Whether you are dealing with machine parts, slide plates, ejector pins or lifters, friction is an undesirable factor in the performance and service life of components. Friction behavior is governed by how well the properties of the component surfaces perform under sliding conditions where galling or material transfer occur, or how well the substrate material is protected from corrosion. PVD and PACVD coatings can help solve some of the mechanical problems inherent to tribosystems. The use of PVD and PACVD coatings has proven to be advantageous in making these systems more efficient and economical.
Breaking It Down
Let us first look at what causes failures to occur by examining tribological systems. Tribological systems consist of component surfaces that are in moving contact and thus become tribologically active. The amount of friction and wear is in direct relation to the materials that are coming into contact with each other. There are other factors that affect tribological systems, which include additives (lubricants such as oil, grease, water or water-based solutions), particulates (dust, metal fragments, dirt), temperature and loading (sliding, rolling, oscillating, pulsating). The effects of these mechanisms will produce friction and wear (see Figure 1).
PVD/PACVD coatings have significant advantages over the mechanisms that lead to failure. A key benefit of PVD/PACVD surface treatments is that it may be possible to produce a desired tribological behavior without a costly change to design or material. Surface properties can be manipulated in order to provide certain advantages, such as:
- Longer service life
- Ability to tolerate greater loads
- Low cost maintenance
- Resistance to corrosion
- Environmental gains and conservation of resources
These are just a few attributes of the many cost-saving benefits that can be realized from PVD/PACVD coatings.
PVD/PACVD coatings are a fraction of a millimeter thick, harder than steel and are available in a wide variety of compositions to suit the application. PVD/PACVD surface treatments are applied in a precise, environmentally safe way by deposition from a gas or plasma state through a high vacuum process which ultimately enhances the tool's characteristics with good adhesion, high hardness, and wear resistance. The deposition temperatures can range from 200° C to 500° C and typically produce coating thicknesses that range from 1-4 µm. The process can in some cases be used in conjunction with other treatments, such as nitriding, boronizing or ion implanting. A discussion of the application with your coating provider is very important to make certain that the process is compatible with the materials (see Figure 2).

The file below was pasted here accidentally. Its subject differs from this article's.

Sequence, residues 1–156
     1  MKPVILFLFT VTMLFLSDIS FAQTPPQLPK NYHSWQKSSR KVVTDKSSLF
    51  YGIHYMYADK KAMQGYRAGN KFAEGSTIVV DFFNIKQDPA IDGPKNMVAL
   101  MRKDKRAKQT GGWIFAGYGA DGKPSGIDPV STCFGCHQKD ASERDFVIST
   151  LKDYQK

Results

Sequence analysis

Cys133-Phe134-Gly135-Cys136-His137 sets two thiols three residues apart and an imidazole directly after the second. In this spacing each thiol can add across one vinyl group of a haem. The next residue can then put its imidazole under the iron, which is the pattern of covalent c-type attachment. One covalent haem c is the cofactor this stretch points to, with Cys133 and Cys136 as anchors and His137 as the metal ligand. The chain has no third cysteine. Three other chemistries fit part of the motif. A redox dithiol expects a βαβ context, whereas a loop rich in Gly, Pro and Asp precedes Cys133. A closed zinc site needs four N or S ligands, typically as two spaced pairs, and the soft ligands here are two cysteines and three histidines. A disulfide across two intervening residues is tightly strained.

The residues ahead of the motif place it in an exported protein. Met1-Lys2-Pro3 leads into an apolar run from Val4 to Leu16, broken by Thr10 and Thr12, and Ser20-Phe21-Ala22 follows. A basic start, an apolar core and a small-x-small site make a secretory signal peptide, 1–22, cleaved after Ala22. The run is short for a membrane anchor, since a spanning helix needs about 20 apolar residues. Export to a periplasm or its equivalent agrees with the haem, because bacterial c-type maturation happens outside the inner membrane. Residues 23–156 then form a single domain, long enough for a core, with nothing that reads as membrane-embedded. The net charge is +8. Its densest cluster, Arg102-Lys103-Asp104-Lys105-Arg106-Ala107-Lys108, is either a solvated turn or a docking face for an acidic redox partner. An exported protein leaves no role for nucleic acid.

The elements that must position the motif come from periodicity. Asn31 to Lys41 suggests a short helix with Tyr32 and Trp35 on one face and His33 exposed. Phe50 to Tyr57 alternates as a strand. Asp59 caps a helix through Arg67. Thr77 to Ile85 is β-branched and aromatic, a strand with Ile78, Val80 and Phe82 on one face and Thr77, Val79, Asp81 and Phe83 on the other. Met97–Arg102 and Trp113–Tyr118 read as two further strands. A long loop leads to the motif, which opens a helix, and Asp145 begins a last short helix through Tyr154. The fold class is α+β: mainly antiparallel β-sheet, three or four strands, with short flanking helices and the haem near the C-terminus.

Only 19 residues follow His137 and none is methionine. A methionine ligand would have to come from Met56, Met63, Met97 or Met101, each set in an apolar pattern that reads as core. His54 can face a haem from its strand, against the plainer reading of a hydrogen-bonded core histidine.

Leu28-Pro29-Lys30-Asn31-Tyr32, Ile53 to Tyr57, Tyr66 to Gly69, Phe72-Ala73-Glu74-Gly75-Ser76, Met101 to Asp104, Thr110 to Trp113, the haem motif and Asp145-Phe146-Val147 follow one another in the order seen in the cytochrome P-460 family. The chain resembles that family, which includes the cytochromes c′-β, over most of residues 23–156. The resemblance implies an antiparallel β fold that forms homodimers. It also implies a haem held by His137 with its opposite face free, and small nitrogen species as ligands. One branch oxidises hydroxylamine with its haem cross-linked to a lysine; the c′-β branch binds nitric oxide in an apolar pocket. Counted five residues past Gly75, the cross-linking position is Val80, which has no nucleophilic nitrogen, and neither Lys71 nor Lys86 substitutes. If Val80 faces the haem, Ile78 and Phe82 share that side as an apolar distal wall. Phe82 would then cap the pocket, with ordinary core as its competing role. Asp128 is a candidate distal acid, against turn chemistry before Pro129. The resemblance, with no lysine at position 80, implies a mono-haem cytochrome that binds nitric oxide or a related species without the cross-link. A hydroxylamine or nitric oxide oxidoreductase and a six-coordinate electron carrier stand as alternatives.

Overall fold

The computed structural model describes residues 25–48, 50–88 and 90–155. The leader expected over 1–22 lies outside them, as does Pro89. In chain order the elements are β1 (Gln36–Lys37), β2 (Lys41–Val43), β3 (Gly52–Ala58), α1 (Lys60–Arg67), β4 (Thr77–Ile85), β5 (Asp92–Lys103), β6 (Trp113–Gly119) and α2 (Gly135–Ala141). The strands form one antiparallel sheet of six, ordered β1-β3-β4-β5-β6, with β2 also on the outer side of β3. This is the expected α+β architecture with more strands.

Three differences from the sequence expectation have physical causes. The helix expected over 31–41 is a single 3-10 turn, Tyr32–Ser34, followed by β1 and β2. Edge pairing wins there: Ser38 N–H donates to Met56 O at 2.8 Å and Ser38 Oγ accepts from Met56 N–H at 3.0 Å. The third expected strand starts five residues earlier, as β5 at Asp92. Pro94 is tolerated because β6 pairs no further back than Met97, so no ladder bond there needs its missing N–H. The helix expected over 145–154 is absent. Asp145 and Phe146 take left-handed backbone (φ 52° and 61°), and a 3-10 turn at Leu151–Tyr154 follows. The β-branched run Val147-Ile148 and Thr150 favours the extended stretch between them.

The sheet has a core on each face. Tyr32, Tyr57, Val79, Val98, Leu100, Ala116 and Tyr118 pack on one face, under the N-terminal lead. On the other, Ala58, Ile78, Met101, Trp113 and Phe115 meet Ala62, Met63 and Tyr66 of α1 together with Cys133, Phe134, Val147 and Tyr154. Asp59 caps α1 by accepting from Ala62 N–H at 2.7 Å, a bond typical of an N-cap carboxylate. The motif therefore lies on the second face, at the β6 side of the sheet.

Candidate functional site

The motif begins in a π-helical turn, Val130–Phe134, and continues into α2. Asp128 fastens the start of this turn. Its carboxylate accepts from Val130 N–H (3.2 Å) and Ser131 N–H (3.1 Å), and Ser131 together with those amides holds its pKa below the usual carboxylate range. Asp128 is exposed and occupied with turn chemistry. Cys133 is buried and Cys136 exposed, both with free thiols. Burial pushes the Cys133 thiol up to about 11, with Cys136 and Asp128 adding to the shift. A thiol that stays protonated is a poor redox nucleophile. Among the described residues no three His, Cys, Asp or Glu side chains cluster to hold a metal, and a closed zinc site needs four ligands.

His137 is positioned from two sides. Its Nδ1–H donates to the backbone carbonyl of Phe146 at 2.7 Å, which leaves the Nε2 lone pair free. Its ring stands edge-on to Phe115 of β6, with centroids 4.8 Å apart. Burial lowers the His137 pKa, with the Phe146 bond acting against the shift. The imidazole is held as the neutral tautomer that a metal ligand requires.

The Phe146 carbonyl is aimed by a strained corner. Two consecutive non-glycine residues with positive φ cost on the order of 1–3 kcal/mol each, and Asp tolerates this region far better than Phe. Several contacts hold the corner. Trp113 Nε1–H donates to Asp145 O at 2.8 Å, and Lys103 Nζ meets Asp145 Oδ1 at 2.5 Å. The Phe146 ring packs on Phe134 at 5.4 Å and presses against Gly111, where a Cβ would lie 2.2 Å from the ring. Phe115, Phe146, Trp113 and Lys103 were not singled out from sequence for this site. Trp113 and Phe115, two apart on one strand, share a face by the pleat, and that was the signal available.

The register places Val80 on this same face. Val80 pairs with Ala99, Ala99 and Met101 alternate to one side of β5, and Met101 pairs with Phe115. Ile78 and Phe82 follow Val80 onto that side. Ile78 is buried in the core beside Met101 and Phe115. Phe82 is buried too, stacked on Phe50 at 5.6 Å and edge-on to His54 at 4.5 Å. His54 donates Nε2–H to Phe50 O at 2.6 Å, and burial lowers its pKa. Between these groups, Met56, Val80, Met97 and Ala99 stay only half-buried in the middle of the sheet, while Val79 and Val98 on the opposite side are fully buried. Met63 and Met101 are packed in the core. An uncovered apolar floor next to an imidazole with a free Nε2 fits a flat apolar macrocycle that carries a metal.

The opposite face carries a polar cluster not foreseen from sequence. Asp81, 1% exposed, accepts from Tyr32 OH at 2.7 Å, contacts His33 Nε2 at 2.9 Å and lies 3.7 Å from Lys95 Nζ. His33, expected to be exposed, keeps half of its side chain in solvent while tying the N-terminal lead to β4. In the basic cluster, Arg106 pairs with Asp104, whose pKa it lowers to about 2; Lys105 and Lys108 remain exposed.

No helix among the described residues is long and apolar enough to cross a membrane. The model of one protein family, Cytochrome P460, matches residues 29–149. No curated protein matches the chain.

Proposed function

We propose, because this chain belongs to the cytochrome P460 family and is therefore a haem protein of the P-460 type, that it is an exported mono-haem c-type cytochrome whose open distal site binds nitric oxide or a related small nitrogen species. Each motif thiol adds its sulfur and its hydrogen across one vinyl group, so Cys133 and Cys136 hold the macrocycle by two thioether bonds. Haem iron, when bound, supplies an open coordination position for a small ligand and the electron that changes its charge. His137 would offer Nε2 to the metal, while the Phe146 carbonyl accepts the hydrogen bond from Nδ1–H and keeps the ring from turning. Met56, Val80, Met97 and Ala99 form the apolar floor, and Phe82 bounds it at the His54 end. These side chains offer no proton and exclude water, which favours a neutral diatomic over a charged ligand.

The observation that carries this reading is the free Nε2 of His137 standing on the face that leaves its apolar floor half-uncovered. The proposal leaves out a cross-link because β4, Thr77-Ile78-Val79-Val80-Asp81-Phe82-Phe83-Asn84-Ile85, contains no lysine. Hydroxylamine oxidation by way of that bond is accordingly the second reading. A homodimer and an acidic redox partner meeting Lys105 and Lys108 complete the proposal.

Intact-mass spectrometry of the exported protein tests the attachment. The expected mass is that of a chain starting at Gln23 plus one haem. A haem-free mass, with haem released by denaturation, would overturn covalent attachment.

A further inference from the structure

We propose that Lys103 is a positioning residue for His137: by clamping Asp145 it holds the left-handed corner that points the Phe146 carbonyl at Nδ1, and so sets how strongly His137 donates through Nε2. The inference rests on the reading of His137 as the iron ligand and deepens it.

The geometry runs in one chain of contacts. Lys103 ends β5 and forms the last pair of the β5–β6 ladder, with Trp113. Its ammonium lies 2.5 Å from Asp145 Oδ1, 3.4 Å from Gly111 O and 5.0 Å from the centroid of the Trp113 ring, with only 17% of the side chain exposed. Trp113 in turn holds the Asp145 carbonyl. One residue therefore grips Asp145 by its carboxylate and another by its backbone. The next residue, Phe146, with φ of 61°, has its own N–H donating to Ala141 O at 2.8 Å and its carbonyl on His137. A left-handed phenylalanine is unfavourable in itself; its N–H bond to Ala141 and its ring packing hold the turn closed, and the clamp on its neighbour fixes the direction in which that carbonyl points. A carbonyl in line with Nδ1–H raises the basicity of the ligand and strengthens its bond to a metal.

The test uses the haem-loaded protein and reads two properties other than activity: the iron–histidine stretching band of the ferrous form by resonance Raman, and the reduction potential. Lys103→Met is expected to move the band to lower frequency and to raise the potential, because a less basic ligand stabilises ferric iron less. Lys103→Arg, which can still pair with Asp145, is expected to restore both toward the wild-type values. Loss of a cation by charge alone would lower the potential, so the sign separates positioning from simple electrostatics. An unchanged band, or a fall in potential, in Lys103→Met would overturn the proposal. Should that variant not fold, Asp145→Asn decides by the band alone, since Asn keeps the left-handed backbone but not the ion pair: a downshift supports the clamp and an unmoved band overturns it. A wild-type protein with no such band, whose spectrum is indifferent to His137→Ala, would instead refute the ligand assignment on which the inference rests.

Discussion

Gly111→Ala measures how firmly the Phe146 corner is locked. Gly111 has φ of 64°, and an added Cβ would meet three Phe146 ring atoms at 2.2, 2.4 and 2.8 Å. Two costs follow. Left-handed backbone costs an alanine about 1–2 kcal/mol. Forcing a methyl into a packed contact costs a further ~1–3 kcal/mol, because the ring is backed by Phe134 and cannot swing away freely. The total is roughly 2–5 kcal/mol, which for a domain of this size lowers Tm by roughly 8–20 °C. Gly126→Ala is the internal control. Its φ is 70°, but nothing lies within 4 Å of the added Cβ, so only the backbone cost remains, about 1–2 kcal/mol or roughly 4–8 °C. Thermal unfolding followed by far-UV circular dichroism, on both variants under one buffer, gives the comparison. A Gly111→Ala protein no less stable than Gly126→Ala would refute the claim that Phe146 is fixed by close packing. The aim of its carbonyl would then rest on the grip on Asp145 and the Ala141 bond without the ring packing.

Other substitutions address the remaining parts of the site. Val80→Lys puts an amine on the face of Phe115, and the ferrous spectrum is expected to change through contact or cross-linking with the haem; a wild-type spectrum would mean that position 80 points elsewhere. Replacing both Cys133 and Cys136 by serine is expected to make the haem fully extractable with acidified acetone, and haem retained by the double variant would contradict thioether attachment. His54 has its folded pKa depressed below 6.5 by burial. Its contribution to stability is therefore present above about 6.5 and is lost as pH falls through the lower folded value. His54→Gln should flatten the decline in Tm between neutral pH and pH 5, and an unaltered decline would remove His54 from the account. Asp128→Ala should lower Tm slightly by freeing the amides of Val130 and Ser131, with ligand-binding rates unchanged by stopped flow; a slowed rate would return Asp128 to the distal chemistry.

Carbon and Noncarbon-Based Coatings
For the purposes of this discussion, we can divide component coatings into two groups, carbon-based and noncarbon-based coatings. The carbon-based group consists of the DLC (diamond-like carbon) family of coatings. The non-carbon-based group includes coatings such as Chrome Nitride (CrN), Titanium Nitride (TiN), and Titanium Aluminum Nitride (TiAlN). The benefits of these two groups can be weighed on the application and failure modes (see Figure 3).
Carbon-based coatings are highly resis-tive to adhesive wear. The application of DLC-type coatings is usually applied by reactive type sputtering. The low coefficient of friction of the DLC coatings can sometimes help reduce surface fatigue. The harder versions have been shown to exhibit protection against abrasion and adhesive (scuffing) wear. Typically, these coatings can be applied at temperatures at or below 250° C (see Figure 4).
Noncarbon-based coatings are usually applied by ion plating or arc evaporation. These coatings are usually applied at higher temperatures of up to 500°C. If a lower temperature process is needed, please check with your coating supplier for availability. The noncarbon-based coatings are generally harder, so they protect more against abrasion and also are suitable for adhesive wear protection.
One thing to remember is that no matter how well the physical makeup of the coat-ing appears, the component surface must also have good preparation and quality. Surfaces must be prepared to give the coating an opportunity to perform at an optimum level.
Material surfaces must be free of resins, waxes, paint, oxide skin and grind marks. Even the use of polishing compounds must be reviewed. Overly aggressive polishing techniques using oil-based solutions can in most cases leave a contaminated surface, and therefore, must be thoroughly cleaned before coating. Ground surfaces can leave peaks and valleys in the substrate. Because coatings are thin, they will mirror the surface they are applied to. The peaks and valleys in the substrate can affect the contact areas and thus produce premature failure.
PVD/PACVD coatings can greatly en-hance component life as well as productivity. These thin film coatings can:
- Protect dry running systems
- Reduce corrosion
- Lessen the need for lubrication and maintenance
- Enhance reliability and service life
Case studies have shown that systems or parts can be optimized through the choice of the right coating. The variety of options makes it possible to pick the coatings that yield the desired results. Make sure you work closely with your coating provider to devise the right solution(s) for you (see Figure 5).